Elevator that killed Boston University lecturer feels like an antique: resident

The elevator at a Boston apartment building where a French lecturer was crushed to death is a disconcerting “antique” that can leave some uneasy, one resident said.

Carrie O’Connor, a 38-year-old professor at Boston University, died Monday when she was “trapped in the doorway of the first floor and the elevator” inside her apartment building in the city’s Allston section, according to a police report obtained by the Boston Globe.

O’Connor, who joined BU’s Romance Studies Department last fall, had been carrying something heavy when she became trapped inside the elevator, neighbors told the newspaper.

It is unclear what she was carrying at the time but investigators said they have removed her mattress and frame from the building. An autopsy found her accidental death was due to traumatic asphyxia.

A fellow tenant at the residence built in 1920 who heard another man telling O’Connor to be careful prior to her death said she hasn’t had any issues with the accordion grate-elevator during her 18 months there, the Globe reports.

“However, when the cage stops at different floors, it does not always line up seamlessly [and] you have to slightly step up to get out,” tenant Leanne Scorzoni said. “This can definitely feel springy and unnerving.”

The elevator — the age of which was reportedly unclear Wednesday — doesn’t feel “dangerous or broken,” Scorzoni said.

“But I will say it feels as if you’re riding in an antique,” she continued. “It’s not always a good feeling.”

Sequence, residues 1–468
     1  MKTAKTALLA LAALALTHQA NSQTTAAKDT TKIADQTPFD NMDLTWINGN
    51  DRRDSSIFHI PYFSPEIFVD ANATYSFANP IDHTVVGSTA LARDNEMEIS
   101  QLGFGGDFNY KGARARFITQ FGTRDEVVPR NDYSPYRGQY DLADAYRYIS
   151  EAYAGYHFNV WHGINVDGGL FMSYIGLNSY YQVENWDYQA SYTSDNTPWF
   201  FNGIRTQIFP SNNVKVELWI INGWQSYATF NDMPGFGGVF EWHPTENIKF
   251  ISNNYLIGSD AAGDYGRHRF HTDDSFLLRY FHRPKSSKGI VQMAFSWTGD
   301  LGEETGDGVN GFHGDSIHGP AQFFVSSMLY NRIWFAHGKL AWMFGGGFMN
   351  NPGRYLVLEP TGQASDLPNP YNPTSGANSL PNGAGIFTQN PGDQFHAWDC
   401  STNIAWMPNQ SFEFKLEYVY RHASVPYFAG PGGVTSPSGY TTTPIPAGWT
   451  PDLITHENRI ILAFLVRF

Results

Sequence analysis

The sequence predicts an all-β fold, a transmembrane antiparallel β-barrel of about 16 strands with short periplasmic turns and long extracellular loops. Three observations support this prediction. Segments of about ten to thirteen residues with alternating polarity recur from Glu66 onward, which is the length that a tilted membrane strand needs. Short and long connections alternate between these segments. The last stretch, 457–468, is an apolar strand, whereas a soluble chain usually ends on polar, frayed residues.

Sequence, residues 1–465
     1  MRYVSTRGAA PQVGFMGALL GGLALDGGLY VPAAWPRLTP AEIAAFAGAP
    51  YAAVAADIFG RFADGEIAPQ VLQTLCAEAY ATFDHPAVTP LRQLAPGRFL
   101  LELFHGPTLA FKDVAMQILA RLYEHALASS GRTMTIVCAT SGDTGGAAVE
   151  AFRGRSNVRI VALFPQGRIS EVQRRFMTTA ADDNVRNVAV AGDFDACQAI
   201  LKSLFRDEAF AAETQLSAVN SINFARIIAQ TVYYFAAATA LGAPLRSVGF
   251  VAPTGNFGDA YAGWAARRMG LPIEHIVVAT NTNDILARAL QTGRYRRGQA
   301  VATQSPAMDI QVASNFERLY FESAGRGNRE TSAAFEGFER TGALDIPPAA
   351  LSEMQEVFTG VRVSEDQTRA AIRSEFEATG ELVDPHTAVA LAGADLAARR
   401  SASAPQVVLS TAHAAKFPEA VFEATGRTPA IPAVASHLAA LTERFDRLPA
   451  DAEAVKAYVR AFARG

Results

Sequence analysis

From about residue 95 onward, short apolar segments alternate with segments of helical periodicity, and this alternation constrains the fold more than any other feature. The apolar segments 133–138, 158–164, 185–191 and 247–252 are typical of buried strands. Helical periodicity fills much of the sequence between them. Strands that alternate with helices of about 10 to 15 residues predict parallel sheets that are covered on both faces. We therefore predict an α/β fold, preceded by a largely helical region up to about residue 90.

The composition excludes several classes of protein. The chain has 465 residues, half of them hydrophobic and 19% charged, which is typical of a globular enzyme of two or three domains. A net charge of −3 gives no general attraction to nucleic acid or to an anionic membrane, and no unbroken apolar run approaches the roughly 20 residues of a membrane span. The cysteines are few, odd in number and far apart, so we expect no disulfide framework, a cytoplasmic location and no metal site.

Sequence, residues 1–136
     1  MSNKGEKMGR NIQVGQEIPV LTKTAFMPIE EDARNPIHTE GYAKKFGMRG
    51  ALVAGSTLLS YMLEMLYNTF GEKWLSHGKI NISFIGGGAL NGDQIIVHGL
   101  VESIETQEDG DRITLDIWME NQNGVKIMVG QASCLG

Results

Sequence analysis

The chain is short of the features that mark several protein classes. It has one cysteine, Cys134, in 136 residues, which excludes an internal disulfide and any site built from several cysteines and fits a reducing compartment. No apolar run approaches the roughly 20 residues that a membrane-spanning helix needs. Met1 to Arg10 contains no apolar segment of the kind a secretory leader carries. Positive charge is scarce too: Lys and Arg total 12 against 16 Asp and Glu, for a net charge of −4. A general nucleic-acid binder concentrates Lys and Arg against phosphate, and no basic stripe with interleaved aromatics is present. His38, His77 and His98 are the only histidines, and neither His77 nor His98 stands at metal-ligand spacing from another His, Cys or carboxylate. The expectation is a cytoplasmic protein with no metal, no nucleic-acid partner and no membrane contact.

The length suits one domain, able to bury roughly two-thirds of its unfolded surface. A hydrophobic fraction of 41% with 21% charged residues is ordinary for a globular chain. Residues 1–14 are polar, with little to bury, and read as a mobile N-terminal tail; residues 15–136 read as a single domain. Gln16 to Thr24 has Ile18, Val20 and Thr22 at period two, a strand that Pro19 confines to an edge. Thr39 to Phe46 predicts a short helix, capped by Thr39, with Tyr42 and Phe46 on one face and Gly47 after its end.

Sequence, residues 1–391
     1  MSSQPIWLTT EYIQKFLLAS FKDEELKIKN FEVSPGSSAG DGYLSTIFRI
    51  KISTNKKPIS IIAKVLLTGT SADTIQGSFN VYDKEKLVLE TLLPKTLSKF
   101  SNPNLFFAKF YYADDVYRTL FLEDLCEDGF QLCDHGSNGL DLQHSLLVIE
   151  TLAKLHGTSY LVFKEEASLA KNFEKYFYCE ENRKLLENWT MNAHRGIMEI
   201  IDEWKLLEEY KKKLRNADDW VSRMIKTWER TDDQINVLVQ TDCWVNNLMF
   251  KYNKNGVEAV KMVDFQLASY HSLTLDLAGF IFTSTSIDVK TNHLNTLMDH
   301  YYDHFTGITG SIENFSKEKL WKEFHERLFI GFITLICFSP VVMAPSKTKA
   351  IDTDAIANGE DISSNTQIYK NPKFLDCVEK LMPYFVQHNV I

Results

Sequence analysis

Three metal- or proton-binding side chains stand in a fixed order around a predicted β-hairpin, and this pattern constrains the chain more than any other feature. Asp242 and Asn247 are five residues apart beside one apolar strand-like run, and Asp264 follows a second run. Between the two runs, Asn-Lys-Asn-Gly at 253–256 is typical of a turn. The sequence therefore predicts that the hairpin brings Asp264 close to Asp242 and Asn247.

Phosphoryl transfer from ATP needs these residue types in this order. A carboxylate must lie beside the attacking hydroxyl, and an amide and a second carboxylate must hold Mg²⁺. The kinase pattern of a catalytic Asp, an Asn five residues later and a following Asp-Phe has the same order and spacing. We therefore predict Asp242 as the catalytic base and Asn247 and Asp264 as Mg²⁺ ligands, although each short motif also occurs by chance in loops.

State records show the elevator was last inspected on March 26, when a 60-day notice was issued to fix a stop switch. A notice indicated that failure to show proof of repairs during that span could lead to the “unit being shut down,” the newspaper reports.

Those repairs had been made within a month, records show, and the elevator’s annual inspection is now valid through March 31.

The lift features a heavy door and an accordion grate that users pull open before stepping inside, Scorzoni said.

“The ‘cage’ all around the elevator car is see-through, which is how the gentleman walking up the stairs could see down the elevator shaft and see the woman in peril,” she said.

O’Connor’s death remains under investigation by Massachusetts’s Division of Professional Licensure and Suffolk District Attorney Rachael Rollins, the Globe reports.

At least one other person, a former resident at the building, has also expressed concerns about the elevator.

“Recognize that building?” Karen Locascio wrote on Facebook. “I do. I lived there for almost a decade. If you were friends with me in the 00s, you may have visited me there. I hated that f—king elevator. This is just terrible.”

O’Connor’s family could not be reached for comment Wednesday, the Globe reports.

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